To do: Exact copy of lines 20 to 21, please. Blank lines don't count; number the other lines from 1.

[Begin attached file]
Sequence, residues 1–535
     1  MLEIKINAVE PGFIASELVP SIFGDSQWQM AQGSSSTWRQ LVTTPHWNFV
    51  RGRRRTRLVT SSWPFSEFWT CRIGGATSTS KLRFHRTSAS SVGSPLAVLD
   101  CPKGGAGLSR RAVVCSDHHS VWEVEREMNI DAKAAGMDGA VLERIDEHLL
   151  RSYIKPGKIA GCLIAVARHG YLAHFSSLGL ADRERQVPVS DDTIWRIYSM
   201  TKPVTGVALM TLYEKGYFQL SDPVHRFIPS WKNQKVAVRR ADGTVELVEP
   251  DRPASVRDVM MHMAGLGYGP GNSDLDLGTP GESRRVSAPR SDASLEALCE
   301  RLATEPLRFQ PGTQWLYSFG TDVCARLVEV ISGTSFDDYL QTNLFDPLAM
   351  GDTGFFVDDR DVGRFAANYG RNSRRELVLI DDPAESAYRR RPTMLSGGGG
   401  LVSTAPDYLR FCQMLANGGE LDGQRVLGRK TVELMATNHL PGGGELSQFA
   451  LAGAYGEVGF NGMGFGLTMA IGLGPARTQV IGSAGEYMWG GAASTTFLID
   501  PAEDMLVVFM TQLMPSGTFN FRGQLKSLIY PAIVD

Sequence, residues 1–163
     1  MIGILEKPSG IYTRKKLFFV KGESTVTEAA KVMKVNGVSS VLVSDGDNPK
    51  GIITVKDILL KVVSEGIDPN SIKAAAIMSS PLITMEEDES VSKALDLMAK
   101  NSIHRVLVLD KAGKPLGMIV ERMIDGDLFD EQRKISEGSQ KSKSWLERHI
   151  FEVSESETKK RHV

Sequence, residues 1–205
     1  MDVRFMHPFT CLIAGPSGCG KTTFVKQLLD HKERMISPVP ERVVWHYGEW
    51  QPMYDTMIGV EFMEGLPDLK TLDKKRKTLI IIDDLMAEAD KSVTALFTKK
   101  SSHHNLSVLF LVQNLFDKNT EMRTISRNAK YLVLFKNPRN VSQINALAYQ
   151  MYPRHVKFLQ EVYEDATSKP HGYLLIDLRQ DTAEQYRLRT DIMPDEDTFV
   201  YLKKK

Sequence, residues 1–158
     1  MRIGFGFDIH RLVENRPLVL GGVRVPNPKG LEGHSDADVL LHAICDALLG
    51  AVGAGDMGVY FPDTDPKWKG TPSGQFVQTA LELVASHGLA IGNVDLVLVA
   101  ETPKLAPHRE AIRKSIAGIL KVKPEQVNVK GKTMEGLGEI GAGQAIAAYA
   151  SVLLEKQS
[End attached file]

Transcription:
    51  QPMYDTMIGV EFMEGLPDLK TLDKKRKTLI IIDDLMAEAD KSVTALFTKK
   101  SSHHNLSVLF LVQNLFDKNT EMRTISRNAK YLVLFKNPRN VSQINALAYQ